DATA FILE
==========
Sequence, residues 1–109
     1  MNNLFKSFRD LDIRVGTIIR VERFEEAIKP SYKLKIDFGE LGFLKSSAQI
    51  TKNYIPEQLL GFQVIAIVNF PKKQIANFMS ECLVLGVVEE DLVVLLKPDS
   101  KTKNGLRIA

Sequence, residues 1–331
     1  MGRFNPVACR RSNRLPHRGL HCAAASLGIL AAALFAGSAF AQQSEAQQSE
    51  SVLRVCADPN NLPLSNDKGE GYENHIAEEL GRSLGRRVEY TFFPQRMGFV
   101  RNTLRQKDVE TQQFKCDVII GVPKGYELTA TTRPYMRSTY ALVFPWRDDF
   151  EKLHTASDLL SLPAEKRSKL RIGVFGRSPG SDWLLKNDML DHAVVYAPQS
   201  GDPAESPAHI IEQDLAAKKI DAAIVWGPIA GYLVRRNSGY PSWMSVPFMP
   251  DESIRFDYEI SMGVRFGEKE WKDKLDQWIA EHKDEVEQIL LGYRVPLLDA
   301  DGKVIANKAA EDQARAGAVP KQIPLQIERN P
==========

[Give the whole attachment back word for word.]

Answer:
Sequence, residues 1–109
     1  MNNLFKSFRD LDIRVGTIIR VERFEEAIKP SYKLKIDFGE LGFLKSSAQI
    51  TKNYIPEQLL GFQVIAIVNF PKKQIANFMS ECLVLGVVEE DLVVLLKPDS
   101  KTKNGLRIA

Sequence, residues 1–331
     1  MGRFNPVACR RSNRLPHRGL HCAAASLGIL AAALFAGSAF AQQSEAQQSE
    51  SVLRVCADPN NLPLSNDKGE GYENHIAEEL GRSLGRRVEY TFFPQRMGFV
   101  RNTLRQKDVE TQQFKCDVII GVPKGYELTA TTRPYMRSTY ALVFPWRDDF
   151  EKLHTASDLL SLPAEKRSKL RIGVFGRSPG SDWLLKNDML DHAVVYAPQS
   201  GDPAESPAHI IEQDLAAKKI DAAIVWGPIA GYLVRRNSGY PSWMSVPFMP
   251  DESIRFDYEI SMGVRFGEKE WKDKLDQWIA EHKDEVEQIL LGYRVPLLDA
   301  DGKVIANKAA EDQARAGAVP KQIPLQIERN P